Every year the British public—and indeed the world, through the controlled mass media—are bombarded with images around September of the “Blitz”—the German air offensive on London and other targets in Britain. These stirring images, showing St. Paul’s Cathedral amid a pall of smoke, or the city centre of Coventry burning and falling, are evocative and soul-stirring.
Yet realistically, who started the bombing of civilians during that war? One of the most penetrating and revealing overviews of the origin of the policy of saturation bombing of civilians was published during the war, in 1944, by a former British Principal Secretary of the British Air Ministry, J.M Spaight.
His book, Bombing Vindicated, was written in response to increasing discontent in Britain with the Allied bombing of German cities, and set out to justify the saturation bombing of civilians.
Spaight’s contribution is valuable, because in the extreme conditions of war, he felt free to set out the exact conditions which had led to the Allied bombing campaign, and why, in his opinion, it was so successful.
He pointed out that although the first bombing of cities had occurred when the Germans invaded Poland (the bombing of Warsaw), and then again in Norway and Holland, but, as he said, these were only limited campaigns in support of German ground forces.
The British bombers were designed to bomb cities, he said, while the “Teutonic mind” never even considered such a policy, and instead viewed an air force merely as a tool to “blast open” a path for attacking armies.
It was, Spaight said, left to the British to “realise the full potential” of saturation civilian bombing, and goes on to reveal that the decision to bomb civilians on a repeated, extensive and massive scale, completely independently of any ground-based military operations, was taken by Winston Churchill soon after he became Prime Minister in May 1940.
Hitler, Spaight fully admitted, opposed this tactic and actually refused to retaliate for over three months while the German cities were bombed, hoping, as the German leader said in a speech on September 4, 1940, that “Churchill would stop this nonsense.”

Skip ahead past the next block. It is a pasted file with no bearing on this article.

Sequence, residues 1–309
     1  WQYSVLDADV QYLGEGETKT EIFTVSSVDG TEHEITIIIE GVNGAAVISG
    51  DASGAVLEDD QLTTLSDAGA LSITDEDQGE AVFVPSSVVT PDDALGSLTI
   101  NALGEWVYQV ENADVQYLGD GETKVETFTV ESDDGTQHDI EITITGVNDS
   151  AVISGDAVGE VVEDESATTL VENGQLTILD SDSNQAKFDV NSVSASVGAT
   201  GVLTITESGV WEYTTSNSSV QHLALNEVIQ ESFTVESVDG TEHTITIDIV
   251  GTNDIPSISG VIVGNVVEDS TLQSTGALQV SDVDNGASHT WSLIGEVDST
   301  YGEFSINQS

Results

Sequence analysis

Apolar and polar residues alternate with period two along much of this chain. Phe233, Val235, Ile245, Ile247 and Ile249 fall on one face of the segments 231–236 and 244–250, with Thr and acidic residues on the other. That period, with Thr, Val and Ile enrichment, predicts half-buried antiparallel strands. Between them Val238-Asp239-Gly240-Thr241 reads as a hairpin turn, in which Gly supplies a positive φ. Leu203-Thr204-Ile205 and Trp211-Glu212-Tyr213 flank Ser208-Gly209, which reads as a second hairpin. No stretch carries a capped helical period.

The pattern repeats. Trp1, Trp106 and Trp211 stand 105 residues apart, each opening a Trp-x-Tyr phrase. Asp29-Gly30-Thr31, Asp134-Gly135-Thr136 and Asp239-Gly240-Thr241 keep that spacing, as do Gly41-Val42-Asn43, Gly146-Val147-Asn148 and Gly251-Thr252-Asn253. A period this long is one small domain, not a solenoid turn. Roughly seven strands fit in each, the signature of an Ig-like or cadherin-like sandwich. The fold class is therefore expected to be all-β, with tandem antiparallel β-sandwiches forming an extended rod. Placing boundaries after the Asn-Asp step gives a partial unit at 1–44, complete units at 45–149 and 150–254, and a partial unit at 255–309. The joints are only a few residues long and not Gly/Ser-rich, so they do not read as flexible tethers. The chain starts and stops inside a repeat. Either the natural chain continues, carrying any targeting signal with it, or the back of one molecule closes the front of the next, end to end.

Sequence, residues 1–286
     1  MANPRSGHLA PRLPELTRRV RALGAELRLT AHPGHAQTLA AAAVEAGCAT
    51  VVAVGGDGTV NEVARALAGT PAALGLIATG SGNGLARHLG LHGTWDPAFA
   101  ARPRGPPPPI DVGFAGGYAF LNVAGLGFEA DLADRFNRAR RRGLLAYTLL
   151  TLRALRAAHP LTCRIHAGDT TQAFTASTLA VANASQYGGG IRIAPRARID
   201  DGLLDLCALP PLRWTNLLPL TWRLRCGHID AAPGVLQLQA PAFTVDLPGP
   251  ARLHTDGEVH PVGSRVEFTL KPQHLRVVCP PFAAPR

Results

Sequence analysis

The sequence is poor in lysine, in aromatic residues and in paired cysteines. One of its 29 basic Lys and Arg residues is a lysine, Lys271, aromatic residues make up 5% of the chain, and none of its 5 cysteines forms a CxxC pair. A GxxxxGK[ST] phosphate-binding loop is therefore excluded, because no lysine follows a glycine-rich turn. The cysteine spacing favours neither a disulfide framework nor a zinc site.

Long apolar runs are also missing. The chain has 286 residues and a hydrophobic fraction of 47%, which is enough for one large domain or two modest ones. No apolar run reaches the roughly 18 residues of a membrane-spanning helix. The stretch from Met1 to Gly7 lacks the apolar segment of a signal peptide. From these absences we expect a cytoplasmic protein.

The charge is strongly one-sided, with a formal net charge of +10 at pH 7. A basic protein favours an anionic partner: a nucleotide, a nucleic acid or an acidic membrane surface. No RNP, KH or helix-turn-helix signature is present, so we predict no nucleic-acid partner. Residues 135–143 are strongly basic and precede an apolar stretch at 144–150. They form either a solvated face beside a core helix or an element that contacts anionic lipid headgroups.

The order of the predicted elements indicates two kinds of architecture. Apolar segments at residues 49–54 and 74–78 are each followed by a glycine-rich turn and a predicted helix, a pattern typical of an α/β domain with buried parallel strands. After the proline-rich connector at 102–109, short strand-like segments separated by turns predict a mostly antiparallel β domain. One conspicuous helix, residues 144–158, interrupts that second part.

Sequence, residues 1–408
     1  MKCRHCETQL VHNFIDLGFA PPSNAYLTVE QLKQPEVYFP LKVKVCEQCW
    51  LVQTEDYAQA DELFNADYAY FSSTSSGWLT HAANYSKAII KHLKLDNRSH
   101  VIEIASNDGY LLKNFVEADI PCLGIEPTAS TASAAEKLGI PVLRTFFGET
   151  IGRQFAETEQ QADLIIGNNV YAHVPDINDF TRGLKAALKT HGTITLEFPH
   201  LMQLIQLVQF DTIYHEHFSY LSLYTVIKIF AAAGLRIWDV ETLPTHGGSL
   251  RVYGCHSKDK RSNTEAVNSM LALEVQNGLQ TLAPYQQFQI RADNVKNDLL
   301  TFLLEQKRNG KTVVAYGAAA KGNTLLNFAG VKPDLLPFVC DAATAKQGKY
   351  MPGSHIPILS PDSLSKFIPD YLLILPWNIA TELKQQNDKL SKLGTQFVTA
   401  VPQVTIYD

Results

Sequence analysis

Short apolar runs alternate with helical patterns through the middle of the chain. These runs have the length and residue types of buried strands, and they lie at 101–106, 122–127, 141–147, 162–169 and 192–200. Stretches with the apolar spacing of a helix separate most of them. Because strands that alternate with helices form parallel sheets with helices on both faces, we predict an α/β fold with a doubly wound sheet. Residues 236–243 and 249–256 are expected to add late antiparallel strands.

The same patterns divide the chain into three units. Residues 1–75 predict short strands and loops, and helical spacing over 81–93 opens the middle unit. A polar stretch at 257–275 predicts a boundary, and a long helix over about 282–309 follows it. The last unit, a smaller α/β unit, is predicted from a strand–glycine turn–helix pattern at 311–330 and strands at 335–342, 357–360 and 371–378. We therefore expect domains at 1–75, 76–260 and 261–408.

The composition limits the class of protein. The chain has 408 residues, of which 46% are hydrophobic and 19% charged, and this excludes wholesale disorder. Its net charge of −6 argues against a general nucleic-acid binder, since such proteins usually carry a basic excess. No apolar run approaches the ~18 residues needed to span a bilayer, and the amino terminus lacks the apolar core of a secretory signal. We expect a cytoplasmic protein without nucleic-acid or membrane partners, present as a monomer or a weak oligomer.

This belief that Churchill would stop the bombing is dismissed as “stupid” by Spaight, who went on to describe as “pacifists” and “socialists” those Britons who objected to the bombing of civilians.
Hitler then finally retaliated, and hence the “blitz.” But, as Spaight points out, in comparison to what had already been thrown at German cities by the Royal Air Force, and to what occurred in 1943 and 1944 (the bombing of Hamburg, Cologne and Munich—where, Spaight boasted, the fires could be seen 150 miles away), this “blitz” was actually minor.
The German air force, he pointed out, was never used for anything else until ordered to retaliate against the British campaign. As Spaight put it:
“Whatever Hitler wanted or did not want, he most assuredly did not want the mutual bombing to go on. He had not wanted it ever to begin. He wanted it, having begun, to be called off. There was ample evidence that he did not want the latter kind of bombing to become the practice. He had done his best to have it banned by international agreement.”
Inter-European wars are always terrible and are today rightly condemned by all rational-thinking people. It is however instructive to know that so much of the propaganda which is spread even today, about World War II, is false—because that knowledge provides a clue to understanding the propaganda masters of today, who are essentially the same as those of 1940.
An exact reproduction of J.M. Spaight’s Bombing Vindicated has been published by Ostara Publications and is available here.
By Venutius Brigantes © 2013
# # # #
Additional articles that may also be of interest:
Unsere Mütter, unsere Väter — A review of the ground breaking mini-series following the lives of five friends and charting their experiences during WWII.
Generation War – Our Mothers, Our Fathers — Announcing the broadcast in the UK of the hit German mini series Unsere Mütter, unsere Väter.
My Little Heart (Mein kleines Herz) — A review of the song sung by Greta from ‘Unsere Mütter, unsere Väter’.
Rochus Misch – the Last Survivor from Hitler’s Bunker – A transcript of an interview with Rochus Misch who was the last survivor from Hitler’s World War Two Berlin bunker.
Das Buch — Discussing the recent surge in interest and sales of ‘Mein Kampf’.
The Liberation of Auschwitz –A review of the mounting controversy surrounding the alleged war crimes committed at Auschwitz during World War Two.
Treblinka – The Forensic Examination Fails – A review of the forensic examination of the Treblinka concentration camp site by Caroline Sturdy Colls.
Jewish Sensibilities & the Commemoration of Heroes — How ‘Der Landser’ and the Berlin Holocaust memorial factor in the German psyche.
Der Landser – Discontinued – How Baur Publishing have been pressured into discontinuing the publication of Der Landser thereby denying German youth the opportunity to appreciate the heroism of their forebears.
# # # #